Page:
SALES fever hit Huddersfield big style yesterday.
Shivering shoppers joined early-morning queues all over town ready to bag the best bargains on the first day of the post-Christmas sales.
And the rush to spend money showed no signs of abating throughout the day.
The hardiest shoppers were out very early, waiting for Next, in the Kingsgate centre, to open at 5am.
Hours later the crowds were still arriving and there were long queues inside.
Department stores Beatties, in the Kingsgate centre, and Peters, in King Street, also had long queues of people waiting for them to open.
Caroline Whittle, buying director at Peters, said they had enjoyed a bumper day's trading.
"We opened at 9am and people were queueing," she said. "I think many of them had been out early to catch the start of the Next sale!
"We've been very busy. The winter weather has helped, because I think it has put some people off making long journeys to shopping centres and they have stayed local.
"We've got 80% of our stock in the sale, so we are hoping the rest of the week will be the same."
The Kingsgate centre was the most crowded area of town - with cars queueing to enter its car park.
Helen Seymour, of Golcar, had been in town since 4.30am.
She said: "I came for the Next sale but after that I thought I might as well have a look around.
"I got a lovely top from Monsoon that usually I couldn't afford. I do the sales every year, I love it."
David Tite, of Fartown, was an unwilling shopper - having been brought to the sales by his wife.
"I was dragged here really, as I usually don't like shopping," he said. "I had hoped it would be quieter if we came about lunchtime, but it's still pretty crowded. At least we might get some bargains!"
Retailers are predicting that trade will be brisk all week.
But financial organisations are urging shoppers not to let bargains tempt them into debt.
New research by credit advice organisation www.moneybas ics.co.uk shows that 49% of Yorkshire people regret their sales purchases. It says many people do not check their bank balances before spending.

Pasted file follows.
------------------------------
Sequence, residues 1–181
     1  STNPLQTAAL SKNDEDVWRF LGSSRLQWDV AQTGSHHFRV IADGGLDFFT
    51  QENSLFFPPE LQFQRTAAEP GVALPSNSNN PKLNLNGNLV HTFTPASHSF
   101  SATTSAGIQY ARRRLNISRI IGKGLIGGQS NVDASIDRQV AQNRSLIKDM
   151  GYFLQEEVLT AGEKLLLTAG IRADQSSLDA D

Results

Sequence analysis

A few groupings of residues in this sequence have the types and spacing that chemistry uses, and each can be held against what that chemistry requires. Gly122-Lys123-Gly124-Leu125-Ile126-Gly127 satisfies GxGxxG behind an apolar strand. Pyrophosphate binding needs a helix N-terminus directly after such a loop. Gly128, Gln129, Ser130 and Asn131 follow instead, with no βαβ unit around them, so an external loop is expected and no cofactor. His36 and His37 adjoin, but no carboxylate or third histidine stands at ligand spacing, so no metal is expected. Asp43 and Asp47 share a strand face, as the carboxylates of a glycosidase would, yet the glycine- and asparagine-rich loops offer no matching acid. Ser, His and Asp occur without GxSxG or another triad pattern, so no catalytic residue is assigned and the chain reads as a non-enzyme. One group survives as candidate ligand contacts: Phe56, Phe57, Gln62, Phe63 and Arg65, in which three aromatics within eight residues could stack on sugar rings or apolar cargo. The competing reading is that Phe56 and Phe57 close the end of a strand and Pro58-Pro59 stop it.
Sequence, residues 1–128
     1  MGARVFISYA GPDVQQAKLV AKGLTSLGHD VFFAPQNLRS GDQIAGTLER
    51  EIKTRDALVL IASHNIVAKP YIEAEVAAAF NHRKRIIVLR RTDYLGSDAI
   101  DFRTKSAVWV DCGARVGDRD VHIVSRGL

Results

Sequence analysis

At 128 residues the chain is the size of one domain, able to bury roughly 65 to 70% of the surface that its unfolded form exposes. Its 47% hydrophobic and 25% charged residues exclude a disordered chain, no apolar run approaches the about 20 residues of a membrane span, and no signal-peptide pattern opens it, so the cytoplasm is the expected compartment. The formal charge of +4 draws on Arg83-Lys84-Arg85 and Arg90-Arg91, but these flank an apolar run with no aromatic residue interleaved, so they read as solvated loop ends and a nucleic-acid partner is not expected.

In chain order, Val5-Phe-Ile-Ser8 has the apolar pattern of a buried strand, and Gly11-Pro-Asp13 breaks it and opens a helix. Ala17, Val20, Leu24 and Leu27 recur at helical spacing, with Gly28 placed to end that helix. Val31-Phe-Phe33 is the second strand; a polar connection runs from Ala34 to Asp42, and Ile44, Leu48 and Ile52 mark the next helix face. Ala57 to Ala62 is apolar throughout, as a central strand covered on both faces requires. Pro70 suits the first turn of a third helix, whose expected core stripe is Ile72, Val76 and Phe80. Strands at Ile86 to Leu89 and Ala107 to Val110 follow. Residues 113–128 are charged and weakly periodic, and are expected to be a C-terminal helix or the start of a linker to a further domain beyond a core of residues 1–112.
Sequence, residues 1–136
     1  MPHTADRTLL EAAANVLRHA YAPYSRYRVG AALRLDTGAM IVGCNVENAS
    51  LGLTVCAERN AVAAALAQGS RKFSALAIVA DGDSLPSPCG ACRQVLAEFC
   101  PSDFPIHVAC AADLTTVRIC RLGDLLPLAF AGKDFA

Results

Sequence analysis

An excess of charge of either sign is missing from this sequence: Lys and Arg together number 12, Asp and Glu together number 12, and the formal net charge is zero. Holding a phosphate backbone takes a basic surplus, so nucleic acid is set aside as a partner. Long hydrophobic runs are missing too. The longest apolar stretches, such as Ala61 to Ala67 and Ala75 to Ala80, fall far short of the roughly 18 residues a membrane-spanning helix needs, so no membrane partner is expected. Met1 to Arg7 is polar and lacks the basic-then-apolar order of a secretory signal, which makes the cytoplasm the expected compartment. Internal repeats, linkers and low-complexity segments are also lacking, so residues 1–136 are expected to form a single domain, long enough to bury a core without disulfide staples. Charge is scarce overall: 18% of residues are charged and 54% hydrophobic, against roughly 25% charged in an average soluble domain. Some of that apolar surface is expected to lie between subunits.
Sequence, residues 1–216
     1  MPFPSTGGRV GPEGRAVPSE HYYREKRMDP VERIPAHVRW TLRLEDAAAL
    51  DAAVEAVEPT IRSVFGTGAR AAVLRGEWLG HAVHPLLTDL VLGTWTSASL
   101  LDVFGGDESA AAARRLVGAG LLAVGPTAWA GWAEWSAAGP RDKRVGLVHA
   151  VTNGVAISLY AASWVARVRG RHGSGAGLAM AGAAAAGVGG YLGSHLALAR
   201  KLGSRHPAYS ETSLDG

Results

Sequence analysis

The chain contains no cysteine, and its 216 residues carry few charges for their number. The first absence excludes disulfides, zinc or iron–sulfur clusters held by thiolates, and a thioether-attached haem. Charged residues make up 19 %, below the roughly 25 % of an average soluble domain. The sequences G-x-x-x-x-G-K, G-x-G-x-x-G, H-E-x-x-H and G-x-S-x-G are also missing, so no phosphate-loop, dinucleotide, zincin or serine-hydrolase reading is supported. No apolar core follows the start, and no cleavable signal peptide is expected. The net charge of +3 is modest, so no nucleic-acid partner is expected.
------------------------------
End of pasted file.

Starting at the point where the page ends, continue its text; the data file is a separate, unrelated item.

Frances Walker, from www.moneybasics.co.uk, said: "The sales are great for saving money - if you know what you want, have budgeted for it and stick to your plan.
"However, they are a minefield for anyone who gets sidetracked by big discounts and ends up spending more than they intended on items they don't need or want."
Yorkshire Bank also surveyed shoppers and found one in 10 were concerned about paying for their sales purchases and 90% did not bother to budget for their spending spree.
Many people used expensive payment methods, such as credit cards, to buy sale items.
But the savings made were often cancelled out by the high interest paid on their card balances.
According to experts, sales shopping can also take its toll on your stress levels.
The bank's survey showed one in 10 shoppers were likely to physically fight in stores to bag a bargain.
Around 48% of people got stressed by queueing and 36% were annoyed at having to fight through crowded shops.
According to Yorkshire Bank-commissioned psychologist Dr David Lewis, this is bad for shoppers' health.
"Shoppers at January sales may have heart rates equal to combat pilots flying into action or riot police confronting a mob," he said. "These professionals are trained in how to deal with stress. The shopper has to cope as best they can, leading to hearts racing, blood pressure rising and, in extreme cases, a full-on panic attack."
His tip to avoid this is to plan your sales shopping and make sure finances are healthy before heading to the sales.